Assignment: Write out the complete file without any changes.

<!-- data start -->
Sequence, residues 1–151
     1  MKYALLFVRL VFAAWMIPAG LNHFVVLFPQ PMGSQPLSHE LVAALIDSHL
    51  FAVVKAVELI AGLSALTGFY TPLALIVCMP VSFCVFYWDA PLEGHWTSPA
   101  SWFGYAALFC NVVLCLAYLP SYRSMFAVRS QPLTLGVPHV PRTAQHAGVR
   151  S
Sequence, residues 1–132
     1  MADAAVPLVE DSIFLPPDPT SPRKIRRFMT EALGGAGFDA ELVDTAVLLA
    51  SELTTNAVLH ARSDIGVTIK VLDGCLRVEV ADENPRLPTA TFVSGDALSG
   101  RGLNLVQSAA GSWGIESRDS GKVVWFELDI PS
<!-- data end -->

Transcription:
Sequence, residues 1–151
     1  MKYALLFVRL VFAAWMIPAG LNHFVVLFPQ PMGSQPLSHE LVAALIDSHL
    51  FAVVKAVELI AGLSALTGFY TPLALIVCMP VSFCVFYWDA PLEGHWTSPA
   101  SWFGYAALFC NVVLCLAYLP SYRSMFAVRS QPLTLGVPHV PRTAQHAGVR
   151  S
Sequence, residues 1–132
     1  MADAAVPLVE DSIFLPPDPT SPRKIRRFMT EALGGAGFDA ELVDTAVLLA
    51  SELTTNAVLH ARSDIGVTIK VLDGCLRVEV ADENPRLPTA TFVSGDALSG
   101  RGLNLVQSAA GSWGIESRDS GKVVWFELDI PS